Resiliency triumphs over trauma
Since the 1950s, we have known that psychological trauma resulting from childhood adversity leads to negative mental health outcomes. In 1990s, it was discovered that more than half of adults were exposed to adversities such as child abuse and neglect, poverty, discrimination, household violence, mental illness, or parental substance abuse. Four or more ACEs have a strong correlation with negative behavioral, social, mental, and physical health outcomes.
One component of the University of Iowa’s “Just Living” theme semester is justice in access to and assistance from health, social, educational, and legal services. If providers are empowered with the knowledge of the root causes triggering the need for services in addition to resiliency, radical treatment of issues may be possible and our systems of care may become less costly and more effective.
With this understanding, a number of UI campus partners from the Provost’s Office, Colleges of Education, Public Health, Medicine, Nursing and the School of Social Work have combined their expertise and invited community partners to join an initiative on campus. This initiative has been focusing on adverse childhood experiences, trauma-informed care and practices, and how to implement a paradigm shift on campus and in our communities.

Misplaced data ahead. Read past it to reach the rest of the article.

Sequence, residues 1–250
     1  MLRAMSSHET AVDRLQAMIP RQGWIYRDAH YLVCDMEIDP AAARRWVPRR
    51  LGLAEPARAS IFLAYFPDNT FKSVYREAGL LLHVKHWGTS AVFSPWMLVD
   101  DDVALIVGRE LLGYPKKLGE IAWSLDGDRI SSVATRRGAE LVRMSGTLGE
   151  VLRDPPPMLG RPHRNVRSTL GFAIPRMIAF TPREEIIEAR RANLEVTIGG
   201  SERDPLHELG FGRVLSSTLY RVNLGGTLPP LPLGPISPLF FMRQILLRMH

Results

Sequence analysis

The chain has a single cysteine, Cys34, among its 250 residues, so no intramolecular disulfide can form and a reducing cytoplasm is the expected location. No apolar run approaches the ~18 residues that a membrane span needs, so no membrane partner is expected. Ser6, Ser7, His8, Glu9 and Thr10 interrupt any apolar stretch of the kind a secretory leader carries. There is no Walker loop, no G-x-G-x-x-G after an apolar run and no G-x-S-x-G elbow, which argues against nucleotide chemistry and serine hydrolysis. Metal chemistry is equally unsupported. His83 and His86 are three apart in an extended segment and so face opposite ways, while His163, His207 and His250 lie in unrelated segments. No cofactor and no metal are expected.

A full-day workshop will be held on May 18 at the College Public Health Building, 145 N Riverside Drive, Iowa City, Auditorium N110. Instructors for this workshop include faculty from the UI colleges of medicine, public health and education, University Counseling Services and community partners.
In addition, a panel discussion will be held on “How do we work toward a paradigm shift in our society toward holistic care?
For further information please visit The Just Living web page.
Hope to see you there.
• Dr. Resmiye Oral is a clinical professor of pediatrics and director of the Child Protection Program at the University of Iowa, Carver College of Medicine. Comments: 100 Hawkins Dr., 146A CDD, Iowa City, IA 52242